Reali-tGlitch - Netherworld Principle
This review was commissioned through Ko-fi. However, it bears no weight on the score or decision. All reviews are written from an unbiased standpoint.
If there was a song that Reali-tGlitch should have started the album “Netherworld Principle” off with, it should not have been the title track. This is a pretty horrendous track that does not show off any of the producer’s skills. His voice does not carry a tune and fails to match the beat; it sounds like a broken monologue against the bouncy electronic backbeat. The synth-based beat isn’t anything much to write home about, either. An extremely repetitive sounding track that’s not as tight in quality as it could have been with many moments sounding muddy and blended together.
‘Coat Hanger Mammoths’ somewhat amends what I heard in the previous track. Reali-tGlitch opts in for a spoken word lyrical delivery with light tones. I imagine that the effects that he placed on his vocals help hide his lack of talent, but then again so does much of the rest of the electronic scene. It’s a good choice is what I’m trying to get at; doesn’t matter what’s used to cover up so long as it sounds good within the finished product. While production still doesn’t hit top notch quality, the slowed beat and meticulously placed beats made me vibe in a far off planet. Which is what I think Reali-tGlitch is aiming for on “Netherworld Principle”.
Coming in as the third track is ‘Appetite For Apathy’. A slow crawling, synth laden beat brings us into the midst of the track. Cut-up, trance like notes lead us into the lyrics. Reali-tGlitch goes back to using his natural voice and, once again, it doesn’t sound too great. Flat, sounding bored – which I guess works with the theme of the song but doesn’t necessarily excite me as a listener. It rather made me want to switch the song off and move on.
‘Falsities’ is Reali-tGlitch’s stab at making an 80s, space-y synthpop club track. It’s a fun dive into space-disco beats, but is a bit basic. A standard four-on-the-floor beat with a few epic synths isn’t enough to stand out in the crowd, though I will admit it is a catchy song. ‘Pure Rage’ comes in the middle of the album. Despite the title of the song, the rhythm is rather melancholic with a rapid lyrical delivery. I was kinda impressed around the one-minute and thirty-seven second mark where Reali-tGlitch shows off his rap skills. Spitting lyrics in rhythm with slight digital effects, it wasn’t bad. Not the best, but probably better than what I’ve heard on the rest of the album so far. ‘Heathen Tastes’ I couldn’t get into at all; I feel as if this is an unfinished product with a demo like beat. Next. ‘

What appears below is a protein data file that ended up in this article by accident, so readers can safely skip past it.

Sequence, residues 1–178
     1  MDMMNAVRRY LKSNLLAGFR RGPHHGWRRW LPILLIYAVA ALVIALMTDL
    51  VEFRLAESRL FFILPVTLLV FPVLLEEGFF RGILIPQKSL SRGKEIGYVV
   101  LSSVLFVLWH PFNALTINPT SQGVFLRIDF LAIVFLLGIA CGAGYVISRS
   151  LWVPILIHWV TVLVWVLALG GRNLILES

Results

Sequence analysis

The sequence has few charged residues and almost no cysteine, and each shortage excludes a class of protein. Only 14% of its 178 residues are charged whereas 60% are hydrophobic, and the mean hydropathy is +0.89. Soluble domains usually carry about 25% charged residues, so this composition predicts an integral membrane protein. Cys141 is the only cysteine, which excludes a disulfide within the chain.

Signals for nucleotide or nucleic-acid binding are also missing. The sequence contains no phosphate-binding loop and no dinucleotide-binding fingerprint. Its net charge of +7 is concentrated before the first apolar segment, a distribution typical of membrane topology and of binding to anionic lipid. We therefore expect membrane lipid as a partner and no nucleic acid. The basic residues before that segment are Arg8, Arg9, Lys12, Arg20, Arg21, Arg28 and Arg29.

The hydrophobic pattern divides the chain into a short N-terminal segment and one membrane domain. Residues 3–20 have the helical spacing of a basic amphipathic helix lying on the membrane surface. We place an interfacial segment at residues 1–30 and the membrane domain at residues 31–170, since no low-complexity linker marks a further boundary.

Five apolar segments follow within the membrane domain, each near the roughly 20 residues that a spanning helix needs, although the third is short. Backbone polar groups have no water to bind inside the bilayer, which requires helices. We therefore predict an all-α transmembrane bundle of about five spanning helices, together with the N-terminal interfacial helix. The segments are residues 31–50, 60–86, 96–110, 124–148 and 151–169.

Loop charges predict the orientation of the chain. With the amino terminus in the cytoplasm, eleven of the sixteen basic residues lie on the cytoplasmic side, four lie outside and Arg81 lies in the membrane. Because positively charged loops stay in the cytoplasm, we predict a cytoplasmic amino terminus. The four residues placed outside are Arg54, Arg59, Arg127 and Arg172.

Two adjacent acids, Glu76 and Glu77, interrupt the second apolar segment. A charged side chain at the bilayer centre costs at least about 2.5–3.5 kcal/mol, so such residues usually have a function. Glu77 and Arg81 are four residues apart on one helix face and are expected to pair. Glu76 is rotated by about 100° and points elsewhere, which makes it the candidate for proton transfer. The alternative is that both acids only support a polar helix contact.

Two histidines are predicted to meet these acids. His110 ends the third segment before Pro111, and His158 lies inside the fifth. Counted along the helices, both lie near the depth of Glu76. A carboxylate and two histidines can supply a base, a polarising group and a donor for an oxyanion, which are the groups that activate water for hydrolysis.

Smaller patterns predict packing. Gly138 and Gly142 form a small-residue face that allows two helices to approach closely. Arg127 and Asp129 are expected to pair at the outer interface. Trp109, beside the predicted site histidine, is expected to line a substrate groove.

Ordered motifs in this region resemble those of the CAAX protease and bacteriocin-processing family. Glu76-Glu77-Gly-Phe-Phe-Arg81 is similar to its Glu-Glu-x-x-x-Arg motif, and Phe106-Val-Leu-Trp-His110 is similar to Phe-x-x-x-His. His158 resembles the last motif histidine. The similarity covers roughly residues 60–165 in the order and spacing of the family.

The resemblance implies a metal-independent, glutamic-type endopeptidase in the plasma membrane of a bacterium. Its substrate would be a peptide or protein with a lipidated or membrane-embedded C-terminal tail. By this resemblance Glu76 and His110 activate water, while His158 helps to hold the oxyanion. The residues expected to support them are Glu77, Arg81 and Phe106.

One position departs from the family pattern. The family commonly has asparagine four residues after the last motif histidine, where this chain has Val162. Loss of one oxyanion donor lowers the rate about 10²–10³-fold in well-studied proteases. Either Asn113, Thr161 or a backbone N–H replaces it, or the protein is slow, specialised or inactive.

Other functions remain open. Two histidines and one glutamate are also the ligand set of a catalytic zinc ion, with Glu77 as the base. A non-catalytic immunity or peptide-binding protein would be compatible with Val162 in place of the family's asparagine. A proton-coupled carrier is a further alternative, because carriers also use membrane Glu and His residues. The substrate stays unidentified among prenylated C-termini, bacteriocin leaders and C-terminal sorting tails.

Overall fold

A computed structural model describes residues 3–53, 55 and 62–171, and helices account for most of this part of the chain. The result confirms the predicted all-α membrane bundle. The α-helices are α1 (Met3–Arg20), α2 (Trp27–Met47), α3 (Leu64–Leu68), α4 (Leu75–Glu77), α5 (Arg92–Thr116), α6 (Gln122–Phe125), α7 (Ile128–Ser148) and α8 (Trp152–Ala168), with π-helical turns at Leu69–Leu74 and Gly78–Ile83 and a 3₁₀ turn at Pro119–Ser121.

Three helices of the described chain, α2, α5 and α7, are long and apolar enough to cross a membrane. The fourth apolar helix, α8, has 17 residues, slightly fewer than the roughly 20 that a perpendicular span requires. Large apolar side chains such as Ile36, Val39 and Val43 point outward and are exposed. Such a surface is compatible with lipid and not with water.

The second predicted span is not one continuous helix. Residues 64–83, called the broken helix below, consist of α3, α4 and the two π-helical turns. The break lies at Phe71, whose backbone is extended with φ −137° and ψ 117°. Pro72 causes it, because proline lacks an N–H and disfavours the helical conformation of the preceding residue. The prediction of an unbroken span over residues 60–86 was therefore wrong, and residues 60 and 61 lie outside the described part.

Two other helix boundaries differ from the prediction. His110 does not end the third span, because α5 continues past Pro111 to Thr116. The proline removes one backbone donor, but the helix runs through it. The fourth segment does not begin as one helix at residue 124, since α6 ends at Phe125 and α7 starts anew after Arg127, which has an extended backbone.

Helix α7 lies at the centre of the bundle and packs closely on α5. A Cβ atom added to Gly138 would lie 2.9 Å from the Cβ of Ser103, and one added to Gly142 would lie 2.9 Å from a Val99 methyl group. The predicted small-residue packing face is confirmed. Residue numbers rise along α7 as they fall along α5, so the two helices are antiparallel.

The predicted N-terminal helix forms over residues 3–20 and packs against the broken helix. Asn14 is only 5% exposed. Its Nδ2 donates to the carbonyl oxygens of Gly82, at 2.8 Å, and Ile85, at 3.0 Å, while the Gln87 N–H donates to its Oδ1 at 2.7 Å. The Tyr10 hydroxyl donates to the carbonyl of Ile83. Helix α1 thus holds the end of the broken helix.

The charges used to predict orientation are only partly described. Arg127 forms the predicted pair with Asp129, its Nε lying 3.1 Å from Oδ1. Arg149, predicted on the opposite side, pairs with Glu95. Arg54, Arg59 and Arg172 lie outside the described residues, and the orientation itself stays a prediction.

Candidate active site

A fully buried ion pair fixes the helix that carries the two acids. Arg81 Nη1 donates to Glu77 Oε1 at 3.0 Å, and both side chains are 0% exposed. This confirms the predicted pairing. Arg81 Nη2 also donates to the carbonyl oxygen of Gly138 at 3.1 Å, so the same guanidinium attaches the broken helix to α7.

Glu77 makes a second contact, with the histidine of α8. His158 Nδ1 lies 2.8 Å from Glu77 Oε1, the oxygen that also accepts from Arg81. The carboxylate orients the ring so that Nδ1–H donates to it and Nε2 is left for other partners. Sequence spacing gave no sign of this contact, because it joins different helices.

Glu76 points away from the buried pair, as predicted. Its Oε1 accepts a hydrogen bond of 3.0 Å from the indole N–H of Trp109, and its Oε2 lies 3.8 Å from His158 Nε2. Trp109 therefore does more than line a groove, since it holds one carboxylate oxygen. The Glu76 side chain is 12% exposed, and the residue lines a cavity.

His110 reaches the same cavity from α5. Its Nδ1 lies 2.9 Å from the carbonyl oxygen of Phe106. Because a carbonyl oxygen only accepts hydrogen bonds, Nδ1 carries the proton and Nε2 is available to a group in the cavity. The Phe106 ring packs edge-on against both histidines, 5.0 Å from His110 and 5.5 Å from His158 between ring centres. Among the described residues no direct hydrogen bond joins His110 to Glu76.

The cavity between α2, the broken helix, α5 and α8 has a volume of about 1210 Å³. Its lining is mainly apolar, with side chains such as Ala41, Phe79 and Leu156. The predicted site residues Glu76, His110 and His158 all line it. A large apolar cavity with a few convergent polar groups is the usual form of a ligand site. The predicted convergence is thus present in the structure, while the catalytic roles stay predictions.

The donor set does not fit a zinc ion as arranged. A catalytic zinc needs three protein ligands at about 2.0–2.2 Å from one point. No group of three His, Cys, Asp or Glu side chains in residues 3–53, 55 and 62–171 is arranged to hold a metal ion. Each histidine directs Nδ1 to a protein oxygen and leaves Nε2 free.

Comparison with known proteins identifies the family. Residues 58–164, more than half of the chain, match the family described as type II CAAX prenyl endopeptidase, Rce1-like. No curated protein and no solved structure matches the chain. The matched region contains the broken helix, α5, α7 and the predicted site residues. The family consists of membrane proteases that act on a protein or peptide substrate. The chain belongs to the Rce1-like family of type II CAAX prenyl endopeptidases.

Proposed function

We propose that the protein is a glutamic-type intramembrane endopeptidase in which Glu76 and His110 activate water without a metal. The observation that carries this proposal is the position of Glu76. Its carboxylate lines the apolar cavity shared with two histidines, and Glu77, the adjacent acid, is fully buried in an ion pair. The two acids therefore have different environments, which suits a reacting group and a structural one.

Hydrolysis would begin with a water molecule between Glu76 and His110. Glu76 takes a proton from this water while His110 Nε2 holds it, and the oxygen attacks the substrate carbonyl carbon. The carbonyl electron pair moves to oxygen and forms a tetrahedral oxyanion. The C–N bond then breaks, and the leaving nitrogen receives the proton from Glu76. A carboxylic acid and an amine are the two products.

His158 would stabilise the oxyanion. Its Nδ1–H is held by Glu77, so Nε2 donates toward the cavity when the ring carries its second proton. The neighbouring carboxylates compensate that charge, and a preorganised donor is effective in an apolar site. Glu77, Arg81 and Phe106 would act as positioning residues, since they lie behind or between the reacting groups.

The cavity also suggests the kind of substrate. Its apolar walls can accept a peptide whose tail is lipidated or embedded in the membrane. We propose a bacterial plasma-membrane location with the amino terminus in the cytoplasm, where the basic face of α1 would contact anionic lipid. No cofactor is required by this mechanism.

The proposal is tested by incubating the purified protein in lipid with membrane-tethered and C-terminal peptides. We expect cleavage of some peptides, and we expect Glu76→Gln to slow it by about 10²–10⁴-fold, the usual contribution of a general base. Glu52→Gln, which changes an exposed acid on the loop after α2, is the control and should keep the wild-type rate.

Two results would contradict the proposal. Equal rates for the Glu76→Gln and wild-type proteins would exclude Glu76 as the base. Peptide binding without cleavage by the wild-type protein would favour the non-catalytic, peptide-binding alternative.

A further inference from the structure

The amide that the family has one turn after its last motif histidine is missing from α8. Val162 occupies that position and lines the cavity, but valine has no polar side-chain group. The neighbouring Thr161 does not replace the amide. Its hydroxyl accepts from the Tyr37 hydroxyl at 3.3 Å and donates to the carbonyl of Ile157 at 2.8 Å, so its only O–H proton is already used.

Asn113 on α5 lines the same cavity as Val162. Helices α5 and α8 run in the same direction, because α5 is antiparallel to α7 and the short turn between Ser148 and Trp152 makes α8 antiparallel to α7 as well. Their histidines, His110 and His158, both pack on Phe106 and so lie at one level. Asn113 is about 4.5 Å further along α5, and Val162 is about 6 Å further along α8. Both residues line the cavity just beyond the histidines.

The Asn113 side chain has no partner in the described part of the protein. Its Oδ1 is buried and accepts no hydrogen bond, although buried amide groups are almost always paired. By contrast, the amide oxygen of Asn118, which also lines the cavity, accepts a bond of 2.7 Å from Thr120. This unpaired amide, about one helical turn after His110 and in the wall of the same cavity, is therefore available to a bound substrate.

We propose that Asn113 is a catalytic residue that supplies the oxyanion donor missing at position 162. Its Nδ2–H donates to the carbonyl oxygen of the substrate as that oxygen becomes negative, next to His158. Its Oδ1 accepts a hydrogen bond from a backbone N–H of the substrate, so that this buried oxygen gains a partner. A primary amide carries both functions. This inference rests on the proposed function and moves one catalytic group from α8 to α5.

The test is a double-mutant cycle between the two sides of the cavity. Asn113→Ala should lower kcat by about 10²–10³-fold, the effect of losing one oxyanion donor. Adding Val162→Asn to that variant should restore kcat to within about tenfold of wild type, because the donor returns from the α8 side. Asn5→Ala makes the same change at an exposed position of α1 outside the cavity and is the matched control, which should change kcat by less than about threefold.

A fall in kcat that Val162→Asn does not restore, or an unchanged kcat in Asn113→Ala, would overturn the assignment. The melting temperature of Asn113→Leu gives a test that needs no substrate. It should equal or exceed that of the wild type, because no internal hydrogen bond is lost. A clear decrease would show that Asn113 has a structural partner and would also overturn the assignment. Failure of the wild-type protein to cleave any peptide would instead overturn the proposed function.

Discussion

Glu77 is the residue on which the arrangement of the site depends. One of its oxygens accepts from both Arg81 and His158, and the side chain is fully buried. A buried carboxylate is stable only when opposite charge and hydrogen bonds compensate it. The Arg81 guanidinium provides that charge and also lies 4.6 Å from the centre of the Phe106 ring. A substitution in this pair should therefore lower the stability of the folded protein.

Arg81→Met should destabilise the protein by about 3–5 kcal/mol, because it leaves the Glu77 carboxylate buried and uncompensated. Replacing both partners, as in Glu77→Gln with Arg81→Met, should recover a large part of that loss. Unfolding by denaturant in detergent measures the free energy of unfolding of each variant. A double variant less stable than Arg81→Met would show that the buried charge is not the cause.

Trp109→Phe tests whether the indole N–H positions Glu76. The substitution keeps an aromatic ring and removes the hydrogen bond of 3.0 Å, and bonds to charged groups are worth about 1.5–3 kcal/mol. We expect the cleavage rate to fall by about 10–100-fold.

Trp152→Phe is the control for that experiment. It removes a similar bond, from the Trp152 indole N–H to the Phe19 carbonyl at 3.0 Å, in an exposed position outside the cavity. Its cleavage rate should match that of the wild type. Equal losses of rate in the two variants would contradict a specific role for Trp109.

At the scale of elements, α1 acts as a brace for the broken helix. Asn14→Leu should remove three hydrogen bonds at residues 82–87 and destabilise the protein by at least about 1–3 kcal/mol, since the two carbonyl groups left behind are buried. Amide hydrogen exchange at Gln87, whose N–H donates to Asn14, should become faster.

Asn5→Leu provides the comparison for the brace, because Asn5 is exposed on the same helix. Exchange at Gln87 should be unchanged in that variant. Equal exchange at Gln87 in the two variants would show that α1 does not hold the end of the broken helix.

I think that ‘Ghost Town’ is Reali-tGlitch at his best – musically speaking, not vocally. I feel as if the product is deep, fulfilling. It’s not overstuffed with too many beats that Reali-tGlitch isn’t able to control. It’s a simple premise with a slow beat, and some 8-bit influences that got me bobbing my head. I felt much the same for ‘Glitched On The Inside’, though to a lesser degree. They’re both very clean songs that show less is sometimes more. ‘Kill Your Demons’ is the last track on the album. Reali-tGlitch gives a last stand – again, his voice isn’t appealing. But the beat isn’t terrible, warping from bouncy club beats to atmospheric stop and go moments. Nothing revolutionary or breaking, but enough to make me appreciate the song.
While I wouldn’t say that “Netherworld Principle” was difficult to get through, I could say that it was boring at times, sloppy at others, and promising all in the same bout. Reali-tGlitch knows how to make a song, that’s for sure, but there’s not a song on here that I would rate higher than a 6 on its own. One of the major issues that stems from this album is Reali-tGlitch’s voice; most of the time Reali-tGlitch can’t flow with his own song, and either sounds bored or out of tune. There are sparse moments where he does show he can do it, but even then it’s bordering mediocrity. Reali-tGlitch is on the right path, but he needs to learn more, and potentially find a vocalist for his project. Five out of ten.Oct 02 2022
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I've been writing for Brutal Resonance since November of 2012 and now serve as the editor-in-chief. I love the dark electronic underground and usually have too much to listen to at once but I love it. I am also an editor at Aggressive Deprivation, a digital/physical magazine since March of 2016. I support the scene as much as I can from my humble laptop.
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